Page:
Although AI was once feared for its ability to make certain jobs redundant, if anything, it’s enabled employers to make more human decisions, according to HR Tech Influencer Tyrone Smith Jr., who says analytic tools designed to promote active listening and predictive responses can highlight potential trouble and help organisations better support employees.

As with any technological advancements, there are specific data and privacy laws, rules and regulations, employment rights and ethical quandaries to consider when it comes to AI. But, when executed properly, AI can free up the human workforce needed to perform manual, time-consuming tasks and leverage insights into employee’s day-to-day experiences that would otherwise be difficult to glean, giving HR teams and managers more opportunities to connect with and support employees in meaningful ways.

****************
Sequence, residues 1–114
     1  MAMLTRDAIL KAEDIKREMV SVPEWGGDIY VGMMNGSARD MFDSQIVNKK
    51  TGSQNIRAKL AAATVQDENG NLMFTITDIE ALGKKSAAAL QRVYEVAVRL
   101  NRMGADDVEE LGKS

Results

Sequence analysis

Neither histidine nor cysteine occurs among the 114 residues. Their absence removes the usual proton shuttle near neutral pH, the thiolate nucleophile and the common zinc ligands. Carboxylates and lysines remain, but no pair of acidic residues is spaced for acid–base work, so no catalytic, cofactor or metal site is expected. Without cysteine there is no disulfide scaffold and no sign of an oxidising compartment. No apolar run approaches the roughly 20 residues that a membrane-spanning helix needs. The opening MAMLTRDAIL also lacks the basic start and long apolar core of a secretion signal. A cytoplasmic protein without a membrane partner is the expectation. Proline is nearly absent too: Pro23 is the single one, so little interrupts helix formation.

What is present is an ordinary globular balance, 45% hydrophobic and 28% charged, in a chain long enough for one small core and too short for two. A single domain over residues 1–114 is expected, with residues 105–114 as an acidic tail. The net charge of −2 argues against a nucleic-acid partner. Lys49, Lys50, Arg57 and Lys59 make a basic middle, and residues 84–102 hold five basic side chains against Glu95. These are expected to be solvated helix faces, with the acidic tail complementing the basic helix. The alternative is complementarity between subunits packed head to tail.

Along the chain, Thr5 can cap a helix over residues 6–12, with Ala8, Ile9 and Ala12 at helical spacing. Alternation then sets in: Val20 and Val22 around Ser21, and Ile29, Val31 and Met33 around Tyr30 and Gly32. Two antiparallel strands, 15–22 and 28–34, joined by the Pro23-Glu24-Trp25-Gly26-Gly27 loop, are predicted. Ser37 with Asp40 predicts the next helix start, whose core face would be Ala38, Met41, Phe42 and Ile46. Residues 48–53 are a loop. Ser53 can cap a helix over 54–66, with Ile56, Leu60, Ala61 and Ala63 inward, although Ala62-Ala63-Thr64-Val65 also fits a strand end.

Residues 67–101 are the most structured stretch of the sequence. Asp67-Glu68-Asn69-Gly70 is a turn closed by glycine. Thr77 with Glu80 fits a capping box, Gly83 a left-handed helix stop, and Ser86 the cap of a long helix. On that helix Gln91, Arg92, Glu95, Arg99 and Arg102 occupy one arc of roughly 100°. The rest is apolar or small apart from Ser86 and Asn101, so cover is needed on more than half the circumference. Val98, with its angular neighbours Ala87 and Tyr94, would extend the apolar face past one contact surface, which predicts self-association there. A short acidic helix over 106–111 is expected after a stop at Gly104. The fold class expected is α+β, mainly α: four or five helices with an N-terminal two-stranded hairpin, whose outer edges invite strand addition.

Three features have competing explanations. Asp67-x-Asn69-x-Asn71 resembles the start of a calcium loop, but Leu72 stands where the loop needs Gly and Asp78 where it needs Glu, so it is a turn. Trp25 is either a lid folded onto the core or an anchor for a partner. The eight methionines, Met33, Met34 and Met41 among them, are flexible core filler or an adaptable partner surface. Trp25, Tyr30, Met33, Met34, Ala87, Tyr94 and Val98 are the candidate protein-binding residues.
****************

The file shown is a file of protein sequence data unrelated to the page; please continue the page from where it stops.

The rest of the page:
By surfacing insights on attendance, scheduling preferences, and employee sentiment to assess whether an employee is dissatisfied, overworked, or ready to quit, AI can help HR professionals engage talent and improve job satisfaction while future-proofing their organisation against further employee churn. With millions across the globe considering a career move, every employee (and experience they receive at work) counts.

Start gaining further insights and learn about technology solutions to improve your organization’s employee experience.

This is an edited and condensed version of an article that appeared in theHRDIRECTOR.